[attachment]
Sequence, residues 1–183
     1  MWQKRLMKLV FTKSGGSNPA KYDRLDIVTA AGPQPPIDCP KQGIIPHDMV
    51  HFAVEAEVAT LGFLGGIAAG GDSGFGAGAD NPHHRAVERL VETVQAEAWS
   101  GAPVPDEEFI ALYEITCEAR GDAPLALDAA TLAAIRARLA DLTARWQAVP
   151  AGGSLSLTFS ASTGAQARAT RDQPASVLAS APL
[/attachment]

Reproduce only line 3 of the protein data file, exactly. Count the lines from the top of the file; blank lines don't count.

    51  HFAVEAEVAT LGFLGGIAAG GDSGFGAGAD NPHHRAVERL VETVQAEAWS